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the Complete Review
the complete review - science

The Sun, the Genome,
and the Internet

Freeman Dyson

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To purchase The Sun, the Genome, and the Internet

Title: The Sun, the Genome, and the Internet
Author: Freeman Dyson
Genre: Science
Written: 1999
Length: 134 pages
Availability: The Sun, the Genome, and the Internet - US
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  • Tools of Scientific Revolutions
  • Based on Lectures given at the New York Public Library in 1997, and published in conjunction with the NYPL.

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Our Assessment:

B : interesting ideas, well conveyed -- but far too little.

See our review for fuller assessment.

Review Summaries
Source Rating Date Reviewer
Nature A- 29/4/1999 Walter Gratzer
New Scientist A- 26/6/1999 Marcus Chown
Technology Review A- 9-10/1999 Wade Roush

  From the Reviews:
  • "You may not always agree with Dyson's view of the future, but this fascinating book by one of the great scientific visionaries of our time will certainly make you think" - Marcus Chown, New Scientist

  • "Dyson's arguments are illuminating even if his strictures are sometimes less than just," - Walter Gratzer, Nature

  • "It's been a long time since a respectable scientist voiced such grand aspirations in print, making Dyson's book refreshing and thought-provoking, if a bit farfetched." - Wade Roush, Technology Review

Please note that these ratings solely represent the complete review's biased interpretation and subjective opinion of the actual reviews and do not claim to accurately reflect or represent the views of the reviewers. Similarly the illustrative quotes chosen here are merely those the complete review subjectively believes represent the tenor and judgment of the review as a whole. We acknowledge (and remind and warn you) that they may, in fact, be entirely unrepresentative of the actual reviews by any other measure.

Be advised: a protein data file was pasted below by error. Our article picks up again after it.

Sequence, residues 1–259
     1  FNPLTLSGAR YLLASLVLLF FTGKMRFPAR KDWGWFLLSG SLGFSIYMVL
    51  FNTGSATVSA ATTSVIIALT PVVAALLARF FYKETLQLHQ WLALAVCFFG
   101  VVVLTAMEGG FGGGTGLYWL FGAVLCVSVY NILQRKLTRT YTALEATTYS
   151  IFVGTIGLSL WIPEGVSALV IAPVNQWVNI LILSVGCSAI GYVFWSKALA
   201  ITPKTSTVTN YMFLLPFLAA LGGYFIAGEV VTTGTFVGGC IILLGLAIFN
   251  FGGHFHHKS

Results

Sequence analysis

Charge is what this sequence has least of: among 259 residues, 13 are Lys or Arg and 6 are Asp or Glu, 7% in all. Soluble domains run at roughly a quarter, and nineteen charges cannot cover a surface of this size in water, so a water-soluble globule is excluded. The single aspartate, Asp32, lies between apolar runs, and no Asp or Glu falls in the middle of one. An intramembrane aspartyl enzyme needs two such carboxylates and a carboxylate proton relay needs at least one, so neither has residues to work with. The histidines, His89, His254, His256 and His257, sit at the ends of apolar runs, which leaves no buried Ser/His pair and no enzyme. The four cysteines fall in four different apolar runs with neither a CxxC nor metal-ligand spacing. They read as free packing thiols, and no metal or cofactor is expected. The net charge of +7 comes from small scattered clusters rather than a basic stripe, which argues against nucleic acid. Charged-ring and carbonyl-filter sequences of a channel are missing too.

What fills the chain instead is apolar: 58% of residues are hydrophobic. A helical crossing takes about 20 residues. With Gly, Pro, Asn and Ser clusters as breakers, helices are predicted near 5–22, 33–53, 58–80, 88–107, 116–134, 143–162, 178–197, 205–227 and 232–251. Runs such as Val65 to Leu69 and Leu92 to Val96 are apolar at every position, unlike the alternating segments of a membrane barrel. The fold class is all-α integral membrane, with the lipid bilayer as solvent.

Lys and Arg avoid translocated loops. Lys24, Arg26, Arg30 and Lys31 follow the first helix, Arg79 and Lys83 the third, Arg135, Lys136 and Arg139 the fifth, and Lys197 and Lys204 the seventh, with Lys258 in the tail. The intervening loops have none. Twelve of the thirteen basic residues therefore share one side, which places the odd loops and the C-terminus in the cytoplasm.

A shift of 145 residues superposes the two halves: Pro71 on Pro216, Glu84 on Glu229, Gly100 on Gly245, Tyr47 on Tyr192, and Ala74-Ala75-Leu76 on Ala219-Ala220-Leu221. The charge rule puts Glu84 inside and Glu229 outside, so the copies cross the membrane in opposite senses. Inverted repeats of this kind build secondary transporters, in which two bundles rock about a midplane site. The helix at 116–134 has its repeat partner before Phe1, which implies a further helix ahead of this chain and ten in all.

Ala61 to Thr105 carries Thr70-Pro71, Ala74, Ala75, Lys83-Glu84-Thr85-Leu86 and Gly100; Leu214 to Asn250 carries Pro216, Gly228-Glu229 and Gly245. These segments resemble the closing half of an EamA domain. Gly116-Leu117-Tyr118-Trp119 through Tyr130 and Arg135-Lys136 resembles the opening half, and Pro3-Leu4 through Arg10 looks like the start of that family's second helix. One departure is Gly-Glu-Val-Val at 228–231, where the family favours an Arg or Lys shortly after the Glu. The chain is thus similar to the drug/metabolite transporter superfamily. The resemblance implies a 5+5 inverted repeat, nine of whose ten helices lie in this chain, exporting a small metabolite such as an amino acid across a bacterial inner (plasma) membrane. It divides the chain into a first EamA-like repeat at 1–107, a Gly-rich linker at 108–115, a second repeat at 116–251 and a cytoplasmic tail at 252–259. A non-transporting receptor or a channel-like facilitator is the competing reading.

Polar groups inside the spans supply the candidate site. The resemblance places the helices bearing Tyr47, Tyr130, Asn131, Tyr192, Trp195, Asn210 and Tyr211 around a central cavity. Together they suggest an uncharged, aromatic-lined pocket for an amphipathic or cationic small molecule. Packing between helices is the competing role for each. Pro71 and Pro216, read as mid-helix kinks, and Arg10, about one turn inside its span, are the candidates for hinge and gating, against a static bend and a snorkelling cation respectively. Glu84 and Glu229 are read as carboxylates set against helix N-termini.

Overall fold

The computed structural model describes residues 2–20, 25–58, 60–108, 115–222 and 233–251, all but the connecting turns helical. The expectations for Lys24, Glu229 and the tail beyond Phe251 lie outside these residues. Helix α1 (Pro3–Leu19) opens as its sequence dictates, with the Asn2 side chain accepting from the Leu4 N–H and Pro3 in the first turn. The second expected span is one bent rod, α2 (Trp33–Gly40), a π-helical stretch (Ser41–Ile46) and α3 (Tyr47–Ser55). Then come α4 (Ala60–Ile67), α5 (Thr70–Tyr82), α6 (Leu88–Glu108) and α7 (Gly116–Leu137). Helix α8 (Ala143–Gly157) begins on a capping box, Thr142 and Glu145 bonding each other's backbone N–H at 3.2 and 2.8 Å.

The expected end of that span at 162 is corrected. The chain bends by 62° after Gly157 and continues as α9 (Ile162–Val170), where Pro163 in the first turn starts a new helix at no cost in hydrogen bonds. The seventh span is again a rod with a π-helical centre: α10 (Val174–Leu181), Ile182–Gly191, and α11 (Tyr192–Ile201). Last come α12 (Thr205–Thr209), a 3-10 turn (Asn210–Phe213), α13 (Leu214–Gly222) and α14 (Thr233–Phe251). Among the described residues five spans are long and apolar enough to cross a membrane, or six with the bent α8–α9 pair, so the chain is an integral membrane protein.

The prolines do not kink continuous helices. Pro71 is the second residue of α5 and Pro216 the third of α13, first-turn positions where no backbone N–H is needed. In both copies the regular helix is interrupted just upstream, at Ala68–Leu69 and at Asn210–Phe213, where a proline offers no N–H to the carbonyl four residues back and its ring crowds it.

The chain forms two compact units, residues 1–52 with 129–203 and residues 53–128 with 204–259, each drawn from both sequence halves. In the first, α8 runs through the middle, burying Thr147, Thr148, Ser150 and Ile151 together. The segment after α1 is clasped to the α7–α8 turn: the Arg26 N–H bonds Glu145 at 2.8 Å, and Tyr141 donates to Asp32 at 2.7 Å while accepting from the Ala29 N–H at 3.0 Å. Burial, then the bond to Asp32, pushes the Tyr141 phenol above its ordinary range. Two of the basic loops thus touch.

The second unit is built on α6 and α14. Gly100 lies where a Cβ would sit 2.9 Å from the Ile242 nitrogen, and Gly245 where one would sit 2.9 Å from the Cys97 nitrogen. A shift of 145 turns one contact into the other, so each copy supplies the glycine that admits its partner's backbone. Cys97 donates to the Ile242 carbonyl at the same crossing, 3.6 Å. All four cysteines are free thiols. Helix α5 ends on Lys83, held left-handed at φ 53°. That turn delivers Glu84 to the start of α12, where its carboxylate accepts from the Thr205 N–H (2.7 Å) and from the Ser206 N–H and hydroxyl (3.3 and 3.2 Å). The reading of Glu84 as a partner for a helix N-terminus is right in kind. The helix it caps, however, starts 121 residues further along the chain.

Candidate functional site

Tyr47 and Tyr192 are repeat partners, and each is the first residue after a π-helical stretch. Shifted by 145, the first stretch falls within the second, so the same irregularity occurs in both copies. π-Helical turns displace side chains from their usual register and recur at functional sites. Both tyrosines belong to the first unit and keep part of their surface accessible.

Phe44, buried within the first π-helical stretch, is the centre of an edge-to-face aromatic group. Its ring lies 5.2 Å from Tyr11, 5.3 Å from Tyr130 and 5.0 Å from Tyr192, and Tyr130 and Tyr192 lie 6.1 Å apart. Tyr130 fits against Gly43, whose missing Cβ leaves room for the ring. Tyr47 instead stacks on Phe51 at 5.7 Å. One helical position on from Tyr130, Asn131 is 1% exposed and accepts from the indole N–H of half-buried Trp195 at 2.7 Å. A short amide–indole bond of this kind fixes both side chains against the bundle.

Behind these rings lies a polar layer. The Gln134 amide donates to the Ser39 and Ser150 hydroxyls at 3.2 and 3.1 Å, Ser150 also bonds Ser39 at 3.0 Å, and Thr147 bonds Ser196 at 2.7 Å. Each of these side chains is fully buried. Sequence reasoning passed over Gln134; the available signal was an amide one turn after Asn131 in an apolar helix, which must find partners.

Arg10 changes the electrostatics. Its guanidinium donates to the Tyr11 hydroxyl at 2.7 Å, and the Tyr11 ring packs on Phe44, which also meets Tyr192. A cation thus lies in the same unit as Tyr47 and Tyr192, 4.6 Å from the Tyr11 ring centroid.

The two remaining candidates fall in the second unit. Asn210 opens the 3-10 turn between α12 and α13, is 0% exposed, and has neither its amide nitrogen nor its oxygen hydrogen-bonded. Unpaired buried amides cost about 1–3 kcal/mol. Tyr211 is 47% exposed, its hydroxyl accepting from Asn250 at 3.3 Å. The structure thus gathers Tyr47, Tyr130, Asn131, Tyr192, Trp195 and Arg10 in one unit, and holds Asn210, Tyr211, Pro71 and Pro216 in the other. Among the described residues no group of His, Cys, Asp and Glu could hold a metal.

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The complete review's Review:

       We have always admired Freeman Dyson highly. A talented scientist with many interests he has also managed to convey his interests and thoughts in his thoughtful and accessible writing. From the brilliant (and brilliantly titled) Disturbing the Universe to the present he has never failed to be provocative and insightful -- and to express himself well.
       This small book, based on lectures given at the New York Public Library in 1997 again allow him to share his interesting thoughts with a wider audience. Meandering about through three chapters Dyson discusses the tools of scientific revolutions (so the subtitle of the book). Suggesting how science advances and could advance in the future, as well as the unexpected consequences of advancement, Dyson offers his broad and unusual perspective on significant questions facing the world.
       Dyson's greatest asset as a scientist and thinker is his openness to all possibilities. He understands that the unexpected is often the most likely of outcomes, and he is prepared to entertain that and most other possibilities. Dyson does not insist on being right, as so many scientists do, or get bogged down in a single idea. He truly is interested in the big picture, and is more than willing to acknowledge when he strays down the wrong path (as he does here in cheerfully recounting his 1985 guesses as to the three most important technologies of the coming century).
       Dyson is also a humanist in the broadest sense of the word. His writing always shows his humanist background (nowhere more clearly than in Disturbing the Universe, though it is also evident hear). In addition (though perhaps one should suggest that it is something that one should expect from a scientist, as well as a humanist) his great concern for the true betterment of the human condition comes to the fore here. For Dyson one of the marvels of science is that it can make life so much better for so many, and one of his goals is to help in that regard. In this small book he also gives some examples of what has been -- and what can and should be -- done to better the conditions of the world's population.
       Dyson's thoughts are always intriguing, his examples well-chosen and fascinating. He is an admirable fellow, and this is an admirable book. Our one regret is that there is so little of it, that he breezes through these topics, touching on them but not going into great detail. Nevertheless, we can recommend it for anyone interested in the future, and the possibilities before us.

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The Sun, the Genome, and the Internet: Reviews: Freeman Dyson: Other books by Dyson under review: Other books of interest under review:

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About the Author:

       Freeman Dyson is Professor Emeritus of Physics at the Institute for Advanced Study at Princeton University. Winner of the National Book Critics Circle Award, he has written numerous works. He is also the father of Esther, who gets a lot of press of her own. In 2000 he was awarded the Templeton Prize for Progress in Religion -- a payday worth almost a million dollars.

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